What Speed of Light Travel in Star Wars Would REALLY Be Like
In the Star Wars movies, when a spaceship such as the famous Millennium Falcon makes the jump to lightspeed travel through outer space, we see the stars turn into elongated shafts of bright lights before our eyes as the ship approaches the speed of light. But although the real science behind Star Wars’ sci-fi galaxy and technology is sound and well-researched, recently it was determined by a quartet of fourth-year physics students that no such view of “lightspeed travel” would exist.
Instead, there would emerge the appearance of a large white ball of light. And it would be so bright that the crew and passengers would definitely want to wear sunglasses.
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The four Master of Physics final-year students published in the January 2013 edition of the Journal of Physics Special Topics. 21-year-old Riley Connors from Milton Keynes wrote: "If the Millennium Falcon existed and really could travel that fast, sunglasses would certainly be advisable. On top of this, the ship would need something to protect the crew from harmful X-ray radiation." 22-year-old Joshua Argyle from Leicester wrote: "The resultant effects we worked out were based on Einstein's theory of Special Relativity, so while we may not be used to them in our daily lives, Han Solo and his crew should certainly understand its implications."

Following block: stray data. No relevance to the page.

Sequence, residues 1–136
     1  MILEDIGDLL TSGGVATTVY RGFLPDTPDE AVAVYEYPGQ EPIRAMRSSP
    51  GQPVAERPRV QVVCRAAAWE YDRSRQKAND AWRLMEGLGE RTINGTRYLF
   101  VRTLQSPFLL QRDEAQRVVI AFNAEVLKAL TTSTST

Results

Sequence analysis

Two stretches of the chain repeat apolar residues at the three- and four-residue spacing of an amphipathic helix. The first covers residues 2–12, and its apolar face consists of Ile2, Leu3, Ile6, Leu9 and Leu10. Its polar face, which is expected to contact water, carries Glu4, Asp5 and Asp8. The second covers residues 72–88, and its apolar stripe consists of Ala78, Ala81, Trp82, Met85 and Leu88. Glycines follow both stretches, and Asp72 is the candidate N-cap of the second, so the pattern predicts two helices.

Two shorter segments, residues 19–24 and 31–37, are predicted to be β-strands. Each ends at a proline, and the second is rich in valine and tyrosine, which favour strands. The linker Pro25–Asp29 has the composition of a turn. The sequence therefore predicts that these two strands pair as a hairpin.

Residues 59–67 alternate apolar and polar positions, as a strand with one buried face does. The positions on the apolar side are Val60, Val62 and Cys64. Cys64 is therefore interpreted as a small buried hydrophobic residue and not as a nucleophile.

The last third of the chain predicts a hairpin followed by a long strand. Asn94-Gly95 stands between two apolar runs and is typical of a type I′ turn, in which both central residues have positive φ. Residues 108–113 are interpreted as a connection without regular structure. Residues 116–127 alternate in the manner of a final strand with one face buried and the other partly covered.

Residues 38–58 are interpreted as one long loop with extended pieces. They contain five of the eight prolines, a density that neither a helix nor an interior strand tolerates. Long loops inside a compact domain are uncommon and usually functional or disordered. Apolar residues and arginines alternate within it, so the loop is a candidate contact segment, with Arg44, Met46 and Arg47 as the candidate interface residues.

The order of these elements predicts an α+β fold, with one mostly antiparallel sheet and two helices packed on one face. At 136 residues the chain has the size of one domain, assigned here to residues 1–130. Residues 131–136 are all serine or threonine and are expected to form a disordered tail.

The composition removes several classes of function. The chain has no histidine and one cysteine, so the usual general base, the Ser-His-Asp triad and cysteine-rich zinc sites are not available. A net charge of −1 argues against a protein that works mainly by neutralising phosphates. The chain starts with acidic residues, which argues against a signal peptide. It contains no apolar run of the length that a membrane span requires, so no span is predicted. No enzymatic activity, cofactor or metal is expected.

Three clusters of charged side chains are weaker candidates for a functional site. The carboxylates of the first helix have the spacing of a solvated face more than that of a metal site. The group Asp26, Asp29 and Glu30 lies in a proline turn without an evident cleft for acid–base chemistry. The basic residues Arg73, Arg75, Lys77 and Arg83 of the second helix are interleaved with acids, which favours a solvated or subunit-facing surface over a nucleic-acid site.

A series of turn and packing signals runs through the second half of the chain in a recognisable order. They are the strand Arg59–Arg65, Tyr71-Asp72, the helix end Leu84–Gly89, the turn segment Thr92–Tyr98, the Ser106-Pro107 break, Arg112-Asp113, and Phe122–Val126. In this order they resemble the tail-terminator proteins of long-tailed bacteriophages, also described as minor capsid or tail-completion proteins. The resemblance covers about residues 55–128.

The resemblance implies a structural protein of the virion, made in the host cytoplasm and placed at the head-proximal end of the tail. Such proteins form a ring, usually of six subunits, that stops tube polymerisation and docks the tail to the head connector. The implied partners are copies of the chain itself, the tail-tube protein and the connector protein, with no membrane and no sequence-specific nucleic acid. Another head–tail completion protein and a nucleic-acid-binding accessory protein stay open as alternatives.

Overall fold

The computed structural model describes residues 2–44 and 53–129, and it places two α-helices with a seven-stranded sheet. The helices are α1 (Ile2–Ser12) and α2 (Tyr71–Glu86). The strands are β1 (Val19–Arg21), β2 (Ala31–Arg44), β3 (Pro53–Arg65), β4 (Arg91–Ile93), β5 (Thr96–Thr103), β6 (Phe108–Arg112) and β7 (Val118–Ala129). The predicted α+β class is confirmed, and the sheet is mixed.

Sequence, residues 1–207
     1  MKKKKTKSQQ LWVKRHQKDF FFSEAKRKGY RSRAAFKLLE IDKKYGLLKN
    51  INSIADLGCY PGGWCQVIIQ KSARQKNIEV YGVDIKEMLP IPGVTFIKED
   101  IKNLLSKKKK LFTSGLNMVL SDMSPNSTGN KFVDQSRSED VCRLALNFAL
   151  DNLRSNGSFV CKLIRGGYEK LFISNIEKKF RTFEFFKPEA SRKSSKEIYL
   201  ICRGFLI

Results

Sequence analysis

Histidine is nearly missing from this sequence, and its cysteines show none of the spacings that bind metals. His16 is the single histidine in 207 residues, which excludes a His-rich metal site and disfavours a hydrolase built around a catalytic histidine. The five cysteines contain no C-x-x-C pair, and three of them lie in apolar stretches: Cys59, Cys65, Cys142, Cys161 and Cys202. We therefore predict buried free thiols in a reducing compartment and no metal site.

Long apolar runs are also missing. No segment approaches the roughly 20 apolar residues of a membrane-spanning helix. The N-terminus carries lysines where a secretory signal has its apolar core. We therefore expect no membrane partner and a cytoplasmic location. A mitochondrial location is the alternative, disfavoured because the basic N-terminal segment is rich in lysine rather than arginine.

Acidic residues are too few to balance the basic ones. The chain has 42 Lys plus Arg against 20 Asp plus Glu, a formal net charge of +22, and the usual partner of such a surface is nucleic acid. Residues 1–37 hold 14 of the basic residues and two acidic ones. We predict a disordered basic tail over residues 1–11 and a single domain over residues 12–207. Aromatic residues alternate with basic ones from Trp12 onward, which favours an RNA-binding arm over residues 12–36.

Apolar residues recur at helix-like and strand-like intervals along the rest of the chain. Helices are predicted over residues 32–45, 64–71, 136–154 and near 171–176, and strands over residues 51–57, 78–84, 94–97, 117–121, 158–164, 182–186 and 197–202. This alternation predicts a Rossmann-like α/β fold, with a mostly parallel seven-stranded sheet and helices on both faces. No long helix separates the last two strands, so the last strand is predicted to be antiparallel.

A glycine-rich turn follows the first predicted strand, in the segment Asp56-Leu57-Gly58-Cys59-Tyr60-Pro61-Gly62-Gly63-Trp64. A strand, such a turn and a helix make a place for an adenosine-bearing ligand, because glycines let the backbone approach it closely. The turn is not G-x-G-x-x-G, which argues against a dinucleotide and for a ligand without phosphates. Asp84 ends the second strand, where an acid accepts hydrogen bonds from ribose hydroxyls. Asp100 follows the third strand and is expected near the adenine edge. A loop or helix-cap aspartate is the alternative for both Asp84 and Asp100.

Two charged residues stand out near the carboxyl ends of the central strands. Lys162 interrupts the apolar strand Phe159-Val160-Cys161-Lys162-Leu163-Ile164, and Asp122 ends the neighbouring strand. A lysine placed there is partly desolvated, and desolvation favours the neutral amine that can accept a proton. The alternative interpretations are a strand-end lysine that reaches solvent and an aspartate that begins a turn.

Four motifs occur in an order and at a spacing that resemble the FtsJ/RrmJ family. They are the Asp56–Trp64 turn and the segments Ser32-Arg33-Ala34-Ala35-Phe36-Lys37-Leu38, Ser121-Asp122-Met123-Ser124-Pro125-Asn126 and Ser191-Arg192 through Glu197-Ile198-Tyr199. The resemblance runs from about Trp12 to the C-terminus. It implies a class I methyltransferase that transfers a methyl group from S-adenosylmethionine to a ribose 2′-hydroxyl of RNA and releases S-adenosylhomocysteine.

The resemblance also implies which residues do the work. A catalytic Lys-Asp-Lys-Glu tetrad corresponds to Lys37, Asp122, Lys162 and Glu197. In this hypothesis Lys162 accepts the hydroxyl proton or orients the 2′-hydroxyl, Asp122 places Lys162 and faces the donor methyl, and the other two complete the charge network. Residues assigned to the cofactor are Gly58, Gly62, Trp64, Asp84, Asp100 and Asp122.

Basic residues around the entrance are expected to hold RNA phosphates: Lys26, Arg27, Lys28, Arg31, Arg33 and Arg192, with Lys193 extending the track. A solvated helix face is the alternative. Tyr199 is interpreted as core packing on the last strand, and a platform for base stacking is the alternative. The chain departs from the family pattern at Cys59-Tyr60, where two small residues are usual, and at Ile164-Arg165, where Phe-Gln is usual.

Because of the Doppler blue shift phenomenon, the wavelength of electromagnetic radiation from stars would be shortened so that from the Millennium Falcon crew's perspective, the wavelength of the light from stars would seem to move out of the visible spectrum into the X-ray range. Meanwhile, the Cosmic Microwave Background Radiation which permeates the universe (as far as we know) would be shifted into the visible spectrum, and be seen as the disc of bright white light.
The X-rays from the stars would also push back against the spacecraft and cause it to travel at less than the speed of light unless there is an additional power supply kept on board capable of overcoming the pressure of the push-back. Perhaps in the forthcoming Star Wars movies which are going to now be made by Disney Studios this reality-check will be considered and shown somehow in the movies.